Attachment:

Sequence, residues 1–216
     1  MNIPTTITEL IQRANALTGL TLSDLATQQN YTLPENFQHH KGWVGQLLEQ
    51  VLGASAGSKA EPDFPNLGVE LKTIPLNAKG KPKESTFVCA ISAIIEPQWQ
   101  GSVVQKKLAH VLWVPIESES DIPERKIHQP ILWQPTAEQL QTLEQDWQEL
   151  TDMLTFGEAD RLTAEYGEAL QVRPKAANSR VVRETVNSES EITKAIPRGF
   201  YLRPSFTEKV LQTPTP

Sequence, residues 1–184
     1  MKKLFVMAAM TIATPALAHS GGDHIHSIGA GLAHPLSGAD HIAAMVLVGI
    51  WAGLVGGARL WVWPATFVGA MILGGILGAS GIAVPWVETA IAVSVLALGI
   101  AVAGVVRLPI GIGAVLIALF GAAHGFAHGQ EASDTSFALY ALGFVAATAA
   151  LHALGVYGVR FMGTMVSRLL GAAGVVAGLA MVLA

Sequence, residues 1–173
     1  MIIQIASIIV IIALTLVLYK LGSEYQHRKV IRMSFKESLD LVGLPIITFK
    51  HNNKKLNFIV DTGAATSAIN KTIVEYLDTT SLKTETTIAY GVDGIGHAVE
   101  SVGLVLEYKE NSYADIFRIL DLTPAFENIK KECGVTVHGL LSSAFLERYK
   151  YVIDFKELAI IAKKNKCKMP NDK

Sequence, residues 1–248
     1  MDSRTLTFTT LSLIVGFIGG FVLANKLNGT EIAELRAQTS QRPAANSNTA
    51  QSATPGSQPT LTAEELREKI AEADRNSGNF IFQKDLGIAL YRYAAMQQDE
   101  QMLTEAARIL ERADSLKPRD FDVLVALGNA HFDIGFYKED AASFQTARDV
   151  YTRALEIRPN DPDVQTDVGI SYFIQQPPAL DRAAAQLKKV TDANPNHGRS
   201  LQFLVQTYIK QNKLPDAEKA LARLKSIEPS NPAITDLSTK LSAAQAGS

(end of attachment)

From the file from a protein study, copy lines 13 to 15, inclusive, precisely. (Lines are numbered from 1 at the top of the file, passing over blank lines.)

     1  MIIQIASIIV IIALTLVLYK LGSEYQHRKV IRMSFKESLD LVGLPIITFK
    51  HNNKKLNFIV DTGAATSAIN KTIVEYLDTT SLKTETTIAY GVDGIGHAVE
   101  SVGLVLEYKE NSYADIFRIL DLTPAFENIK KECGVTVHGL LSSAFLERYK